Steven Spielberg, the LEGO Company and Pinnacle Systems have teamed up to present the LEGO Studios Steven Spielberg MovieMaker Set, a new children's toy for making digital videos.
The Steven Spielberg MovieMaker set, designed to work with a computer, has everything a child needs to make a movie. It comes complete with a USB WebCam with a built-in microphone, editing software, sound effects library and a virtual set full of LEGO props with the familiar look and feel of LEGO toys. The kit also includes a tips and tricks booklet full of ideas, a tutorial, example movies and challenges for the young movie maker.
Kids first capture their shots with the included WebCam or the family camcorder and then edit their footage using the kid-friendly software. They can then add transitions, music and sound effects and voila! they've made a movie. They can then play their movie on their computer or e-mail it to their friends and family.
This marks only the second time Steven Spielberg has affixed his name to an entertainment product. All Spielberg's share of profits will go to charities.
"It is a treat to join with LEGO to bring this movie-making capability to kids. LEGO Studios is a great first step for kids who may be interested in movie-making someday. It will let kids show others their inventiveness at playful storytelling," Spielberg said.
In addition to the deluxe Spielberg MovieMaker Set, LEGO plans to market seven additional sets, all of which will include unique LEGO pieces to create various action and back-lot scenes.
The editing software was developed jointly by Pinnacle Systems and LEGO Media. The editing software is simple yet powerful. It includes a number of transitions, effects and a character generator for simple titling.
In addition to the WebCam, which comes included in the MovieMaker Set, there's a USB breakout box with composite in and out ports for families that already have a camcorder. This enables easy transfer of video to the computer.
The LEGO Studios Steven Spielberg MovieMaker Set will be available in November 2000, just in time for the Holiday season and will retail for $180. The add-on sets will become available in January 2001.
ClipShow provides a solution to the biggest barriers facing Internet video sharing: Translating video into a digital format, and viewing video on the Web. ClipShow was founded in 1999 by Charles Dauber as a way of sharing videos of his newborn son over the Internet. With ClipShow now you can share all of the precious moments of video that YOU have accumulated to a worldwide audience. There is no software to download or equipment to buy. You can upload or snail-mail your video and ClipShow handles all of the digitizing and streaming to their Web site. The service is free for a limited time only, so get your tape edited and register today at www.clipshow.com and show the world your stuff!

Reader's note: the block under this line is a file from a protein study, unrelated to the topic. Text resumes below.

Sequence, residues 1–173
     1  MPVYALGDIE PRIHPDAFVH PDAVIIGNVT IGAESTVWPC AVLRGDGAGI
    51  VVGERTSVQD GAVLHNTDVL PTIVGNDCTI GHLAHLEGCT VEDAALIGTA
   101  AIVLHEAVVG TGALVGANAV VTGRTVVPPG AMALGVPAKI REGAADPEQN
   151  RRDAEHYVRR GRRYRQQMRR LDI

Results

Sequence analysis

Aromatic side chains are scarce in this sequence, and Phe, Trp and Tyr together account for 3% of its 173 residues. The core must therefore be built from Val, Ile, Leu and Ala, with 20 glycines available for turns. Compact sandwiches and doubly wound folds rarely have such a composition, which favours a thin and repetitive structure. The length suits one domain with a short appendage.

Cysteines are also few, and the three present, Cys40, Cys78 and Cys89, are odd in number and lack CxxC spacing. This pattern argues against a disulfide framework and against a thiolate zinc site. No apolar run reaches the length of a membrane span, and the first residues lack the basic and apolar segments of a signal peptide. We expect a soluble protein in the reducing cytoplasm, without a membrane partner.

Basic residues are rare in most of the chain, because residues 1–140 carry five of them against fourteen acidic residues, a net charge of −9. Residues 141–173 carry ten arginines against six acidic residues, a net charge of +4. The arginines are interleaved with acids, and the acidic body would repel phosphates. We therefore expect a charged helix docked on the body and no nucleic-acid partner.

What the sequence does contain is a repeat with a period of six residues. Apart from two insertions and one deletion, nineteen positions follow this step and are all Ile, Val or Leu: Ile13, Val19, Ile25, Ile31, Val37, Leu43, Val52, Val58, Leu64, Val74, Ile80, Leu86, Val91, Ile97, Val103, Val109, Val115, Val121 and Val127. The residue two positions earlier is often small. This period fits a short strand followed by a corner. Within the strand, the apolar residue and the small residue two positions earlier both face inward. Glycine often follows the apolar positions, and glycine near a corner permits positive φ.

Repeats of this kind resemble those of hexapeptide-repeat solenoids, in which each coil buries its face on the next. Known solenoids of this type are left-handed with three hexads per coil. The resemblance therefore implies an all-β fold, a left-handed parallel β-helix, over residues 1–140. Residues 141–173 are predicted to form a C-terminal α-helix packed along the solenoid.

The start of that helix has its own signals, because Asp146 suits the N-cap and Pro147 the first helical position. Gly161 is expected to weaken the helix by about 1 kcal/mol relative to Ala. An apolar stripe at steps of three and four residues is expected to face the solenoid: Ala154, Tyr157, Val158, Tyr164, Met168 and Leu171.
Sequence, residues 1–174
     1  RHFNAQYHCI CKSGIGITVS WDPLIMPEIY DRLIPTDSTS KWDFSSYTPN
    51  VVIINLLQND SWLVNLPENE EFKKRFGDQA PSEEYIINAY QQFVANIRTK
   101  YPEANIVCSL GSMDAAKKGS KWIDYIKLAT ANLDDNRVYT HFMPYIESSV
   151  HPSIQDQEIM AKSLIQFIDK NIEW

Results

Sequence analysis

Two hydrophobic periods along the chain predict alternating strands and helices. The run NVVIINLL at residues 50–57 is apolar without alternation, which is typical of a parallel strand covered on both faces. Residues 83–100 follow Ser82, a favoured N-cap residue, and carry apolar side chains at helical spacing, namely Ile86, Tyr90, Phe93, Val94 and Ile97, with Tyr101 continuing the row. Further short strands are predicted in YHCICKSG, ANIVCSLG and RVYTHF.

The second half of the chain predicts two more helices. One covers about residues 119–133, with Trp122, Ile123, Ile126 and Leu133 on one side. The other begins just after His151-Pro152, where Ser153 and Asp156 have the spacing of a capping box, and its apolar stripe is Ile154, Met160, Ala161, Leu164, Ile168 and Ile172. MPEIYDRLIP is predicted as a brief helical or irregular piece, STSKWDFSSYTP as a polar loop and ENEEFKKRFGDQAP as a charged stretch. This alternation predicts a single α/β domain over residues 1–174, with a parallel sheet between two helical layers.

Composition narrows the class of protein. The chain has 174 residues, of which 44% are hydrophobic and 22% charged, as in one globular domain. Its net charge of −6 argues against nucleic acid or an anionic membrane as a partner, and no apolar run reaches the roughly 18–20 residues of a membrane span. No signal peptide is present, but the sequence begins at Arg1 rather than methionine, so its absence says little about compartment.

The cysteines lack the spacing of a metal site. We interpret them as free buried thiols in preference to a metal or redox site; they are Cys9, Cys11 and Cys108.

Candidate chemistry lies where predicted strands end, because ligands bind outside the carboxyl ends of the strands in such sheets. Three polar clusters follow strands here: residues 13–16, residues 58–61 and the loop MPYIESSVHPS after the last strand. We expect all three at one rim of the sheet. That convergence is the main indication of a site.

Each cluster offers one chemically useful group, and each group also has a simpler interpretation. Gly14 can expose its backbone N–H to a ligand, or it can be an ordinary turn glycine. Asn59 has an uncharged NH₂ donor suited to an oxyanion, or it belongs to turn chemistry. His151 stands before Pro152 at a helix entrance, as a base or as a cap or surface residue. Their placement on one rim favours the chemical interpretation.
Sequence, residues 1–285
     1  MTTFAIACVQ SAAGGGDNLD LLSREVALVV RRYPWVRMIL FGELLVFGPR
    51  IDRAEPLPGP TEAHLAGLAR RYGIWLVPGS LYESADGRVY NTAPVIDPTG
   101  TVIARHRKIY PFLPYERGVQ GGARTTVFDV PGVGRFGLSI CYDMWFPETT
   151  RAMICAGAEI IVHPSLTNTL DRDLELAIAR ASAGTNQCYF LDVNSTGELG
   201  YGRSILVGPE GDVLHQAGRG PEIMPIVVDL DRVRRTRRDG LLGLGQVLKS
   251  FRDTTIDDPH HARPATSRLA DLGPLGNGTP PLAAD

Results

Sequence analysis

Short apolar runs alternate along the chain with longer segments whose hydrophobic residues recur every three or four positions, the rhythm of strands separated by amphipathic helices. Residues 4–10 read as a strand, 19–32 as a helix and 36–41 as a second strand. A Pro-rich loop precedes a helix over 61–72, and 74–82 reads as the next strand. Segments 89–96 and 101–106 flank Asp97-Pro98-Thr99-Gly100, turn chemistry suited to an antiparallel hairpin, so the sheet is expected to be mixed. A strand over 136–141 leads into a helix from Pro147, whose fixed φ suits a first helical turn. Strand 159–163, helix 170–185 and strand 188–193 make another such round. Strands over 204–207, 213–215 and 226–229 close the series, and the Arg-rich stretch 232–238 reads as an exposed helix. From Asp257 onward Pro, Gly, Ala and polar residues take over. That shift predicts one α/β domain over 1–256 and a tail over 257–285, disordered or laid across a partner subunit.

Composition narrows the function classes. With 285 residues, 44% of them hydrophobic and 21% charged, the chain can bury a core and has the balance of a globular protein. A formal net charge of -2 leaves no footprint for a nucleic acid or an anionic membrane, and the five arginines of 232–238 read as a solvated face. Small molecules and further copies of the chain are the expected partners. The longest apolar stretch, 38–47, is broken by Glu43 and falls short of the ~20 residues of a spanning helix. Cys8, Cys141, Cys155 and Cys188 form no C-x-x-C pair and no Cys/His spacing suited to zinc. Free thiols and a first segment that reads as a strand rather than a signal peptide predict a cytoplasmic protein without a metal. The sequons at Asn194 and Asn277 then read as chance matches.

iCanStream.com is a site dedicated to teaching new and experienced videographers the basics of streaming media.
The site showcases the complete process of shooting, editing and streaming videos in four categories: Shoot, Edit, Compress and Publish. You will also find streaming media news and reviews.
The Society of Amateur Videomakers and Cinematographers (SAVAC) is accepting entries through August 15th, 2000 for three video competitions: The Ten Best of the West, SAVAC International Amateur Movie Contest and the SAVAC Magic Moments Contest. Their annual convention will be held in San Jose, CA in October. Download entry forms at savac.tripod.com. or write to Bernard Wood, 439 La Herran Dr., Santa Clara, CA 95051.
The American Motion Picture Society is accepting entries through August 31, 2000 for the 71st American International Film and Video Festival. Video entries must be submitted on one of the consumer video formats: 8mm, Hi8, VHS, S-VHS or Mini DV and run no longer than 30 minutes in length. There is an entry fee of $10. For entry forms or more information contact the American Motion Picture Society, 30 Kanan Rd., Oak Park, CA 91377-1105.